It was announced today that starting from November 9 this year, grants for all new UK plug-in hybrids would be stopped, while discounts on all-electric cars would be reduced from £4,500 to £3,500. Until now, cash incentives had been offered since 2011 to help promote cleaner cars and also to meet emissions targets.
The RAC and AA motoring groups stated that the change was a backward step. On the other hand, the Department for Transport said that the Plug-in Car Grant was only introduced seven years ago to help the market become established. The DfT felt that it was now time to emphasize on hydrogen fuel cell cars and other zero-emission models.
The declaration is close to the government’s Road to Zero plan, to completely get rid of petrol and diesel cars from UK roads by 2050, and pushing all motorists to own electric and other low emission models.
The ultra-low emission vehicles currently available for grants and discounts can be categorized into three groups:
Category 1: CO₂ emissions: less than 50g/km and zero emission range: at least 70 miles
Category 2: CO₂ emissions: less than 50g/km and zero emission range: between 10 and 69 miles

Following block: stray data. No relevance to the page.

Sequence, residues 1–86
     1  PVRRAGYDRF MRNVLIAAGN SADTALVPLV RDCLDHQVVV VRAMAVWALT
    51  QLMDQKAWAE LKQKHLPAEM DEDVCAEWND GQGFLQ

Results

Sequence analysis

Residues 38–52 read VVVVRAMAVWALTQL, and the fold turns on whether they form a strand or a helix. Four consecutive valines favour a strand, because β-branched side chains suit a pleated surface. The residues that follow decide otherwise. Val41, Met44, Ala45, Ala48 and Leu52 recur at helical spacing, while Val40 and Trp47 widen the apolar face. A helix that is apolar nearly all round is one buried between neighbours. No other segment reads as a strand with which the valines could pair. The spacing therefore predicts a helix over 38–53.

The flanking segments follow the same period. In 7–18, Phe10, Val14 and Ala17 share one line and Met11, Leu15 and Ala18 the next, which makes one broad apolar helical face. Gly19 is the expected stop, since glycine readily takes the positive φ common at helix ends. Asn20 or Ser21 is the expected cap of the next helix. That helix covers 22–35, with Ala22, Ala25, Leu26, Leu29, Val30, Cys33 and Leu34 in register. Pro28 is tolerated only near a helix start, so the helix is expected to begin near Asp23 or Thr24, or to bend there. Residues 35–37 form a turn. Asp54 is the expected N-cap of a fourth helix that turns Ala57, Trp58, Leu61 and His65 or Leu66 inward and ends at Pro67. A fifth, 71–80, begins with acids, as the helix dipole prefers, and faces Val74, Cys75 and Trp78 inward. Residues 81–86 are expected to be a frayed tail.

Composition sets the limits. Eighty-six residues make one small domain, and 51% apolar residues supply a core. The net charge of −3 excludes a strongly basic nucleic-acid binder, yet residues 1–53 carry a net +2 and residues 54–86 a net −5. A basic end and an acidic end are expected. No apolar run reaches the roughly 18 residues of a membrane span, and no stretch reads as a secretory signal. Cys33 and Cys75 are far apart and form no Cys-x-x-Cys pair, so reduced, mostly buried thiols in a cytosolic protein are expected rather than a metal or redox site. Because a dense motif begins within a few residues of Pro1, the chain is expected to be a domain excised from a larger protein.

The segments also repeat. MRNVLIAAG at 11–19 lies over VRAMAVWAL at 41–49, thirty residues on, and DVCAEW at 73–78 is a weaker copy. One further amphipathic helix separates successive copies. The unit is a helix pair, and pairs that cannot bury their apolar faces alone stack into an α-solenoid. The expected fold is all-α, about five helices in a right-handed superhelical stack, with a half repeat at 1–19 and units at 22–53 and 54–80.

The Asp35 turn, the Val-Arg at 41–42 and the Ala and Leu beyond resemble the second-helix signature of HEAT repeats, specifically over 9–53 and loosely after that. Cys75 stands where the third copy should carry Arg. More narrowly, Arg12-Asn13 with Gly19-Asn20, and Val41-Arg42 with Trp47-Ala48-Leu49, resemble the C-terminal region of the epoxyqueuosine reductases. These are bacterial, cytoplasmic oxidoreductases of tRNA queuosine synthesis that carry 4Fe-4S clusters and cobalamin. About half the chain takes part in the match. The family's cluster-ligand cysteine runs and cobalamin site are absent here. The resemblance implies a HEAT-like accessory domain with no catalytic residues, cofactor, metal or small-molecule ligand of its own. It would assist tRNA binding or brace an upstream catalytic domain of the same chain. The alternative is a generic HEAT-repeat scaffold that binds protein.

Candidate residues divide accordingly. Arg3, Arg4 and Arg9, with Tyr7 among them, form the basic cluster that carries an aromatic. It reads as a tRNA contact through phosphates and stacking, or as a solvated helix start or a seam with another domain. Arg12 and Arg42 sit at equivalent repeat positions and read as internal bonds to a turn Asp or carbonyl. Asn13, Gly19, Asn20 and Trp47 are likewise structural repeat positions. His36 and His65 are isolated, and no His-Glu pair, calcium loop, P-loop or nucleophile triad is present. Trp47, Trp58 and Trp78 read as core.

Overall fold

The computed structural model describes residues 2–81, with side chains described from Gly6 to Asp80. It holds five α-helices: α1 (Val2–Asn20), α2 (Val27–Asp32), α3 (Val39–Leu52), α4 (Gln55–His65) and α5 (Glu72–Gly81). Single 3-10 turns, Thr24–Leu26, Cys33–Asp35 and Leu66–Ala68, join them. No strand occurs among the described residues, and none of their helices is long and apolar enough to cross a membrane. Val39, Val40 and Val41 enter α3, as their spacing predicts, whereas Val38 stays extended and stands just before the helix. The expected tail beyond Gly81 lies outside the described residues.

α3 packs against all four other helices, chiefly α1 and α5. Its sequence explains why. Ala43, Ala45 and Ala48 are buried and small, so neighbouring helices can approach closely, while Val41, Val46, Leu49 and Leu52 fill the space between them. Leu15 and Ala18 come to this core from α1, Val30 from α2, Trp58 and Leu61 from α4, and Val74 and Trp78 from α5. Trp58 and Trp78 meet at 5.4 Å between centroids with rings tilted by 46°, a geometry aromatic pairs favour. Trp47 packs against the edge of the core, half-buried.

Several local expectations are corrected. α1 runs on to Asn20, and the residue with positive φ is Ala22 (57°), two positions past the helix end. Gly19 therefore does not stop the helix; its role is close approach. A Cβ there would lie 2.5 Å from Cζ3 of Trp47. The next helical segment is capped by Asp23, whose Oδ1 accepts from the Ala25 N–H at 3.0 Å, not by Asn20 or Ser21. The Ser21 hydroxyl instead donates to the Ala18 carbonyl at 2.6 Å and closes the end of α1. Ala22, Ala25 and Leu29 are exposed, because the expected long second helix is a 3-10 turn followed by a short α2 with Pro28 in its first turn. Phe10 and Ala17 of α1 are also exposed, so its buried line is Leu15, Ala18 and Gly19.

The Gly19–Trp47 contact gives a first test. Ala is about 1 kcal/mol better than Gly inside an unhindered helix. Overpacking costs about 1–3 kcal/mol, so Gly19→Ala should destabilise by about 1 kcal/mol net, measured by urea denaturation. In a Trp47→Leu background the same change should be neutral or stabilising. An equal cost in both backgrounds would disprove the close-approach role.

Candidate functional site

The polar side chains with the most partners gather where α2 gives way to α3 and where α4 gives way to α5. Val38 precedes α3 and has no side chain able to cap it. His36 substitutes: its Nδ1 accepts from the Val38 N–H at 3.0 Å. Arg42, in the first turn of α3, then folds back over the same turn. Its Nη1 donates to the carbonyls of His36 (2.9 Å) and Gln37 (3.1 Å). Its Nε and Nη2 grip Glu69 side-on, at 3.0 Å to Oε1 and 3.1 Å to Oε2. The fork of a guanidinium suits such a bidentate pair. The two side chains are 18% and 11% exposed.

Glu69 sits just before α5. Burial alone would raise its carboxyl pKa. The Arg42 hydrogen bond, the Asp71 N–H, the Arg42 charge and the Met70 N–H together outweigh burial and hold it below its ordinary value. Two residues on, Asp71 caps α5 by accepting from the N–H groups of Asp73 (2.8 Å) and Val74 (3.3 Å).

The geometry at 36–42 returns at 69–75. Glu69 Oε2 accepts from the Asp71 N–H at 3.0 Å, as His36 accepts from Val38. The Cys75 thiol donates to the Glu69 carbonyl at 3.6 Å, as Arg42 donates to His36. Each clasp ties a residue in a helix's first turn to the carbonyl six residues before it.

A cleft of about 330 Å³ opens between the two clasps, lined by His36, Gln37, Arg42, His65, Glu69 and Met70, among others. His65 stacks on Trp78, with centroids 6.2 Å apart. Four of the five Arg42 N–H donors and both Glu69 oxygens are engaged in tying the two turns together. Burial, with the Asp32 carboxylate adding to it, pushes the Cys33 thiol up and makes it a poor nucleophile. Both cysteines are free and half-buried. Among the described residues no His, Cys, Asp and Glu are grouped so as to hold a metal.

Category 3: CO₂ emissions: 50 to 75g/km and zero emission range: at least 20 miles.
The government said the reduction grant for Category 1 cars to £3,500 was owing to recent reductions in the cost of electric vehicles. But prominent motoring groups condemned the modifications, by saying that the move would harm the government’s emissions reduction targets and send out confusion among car buyers.
Manufacturers, will also be affected as they have invested large amounts in electric technologies. Removing purchase grants too soon is expected to have a negative impact on demand and owing to lower incentives encouraging consumers to meet emission targets.
As prohibitive up-front costs are major constraints for people hoping to switch to an electric vehicle, this move is thought to be a poor decision. While the government may want to eliminate the sale of gas and diesel cars, scrapping grants for low emission cars may run counterproductive to their needs. This announcement is expected to put a higher number of drivers from buying greener cars.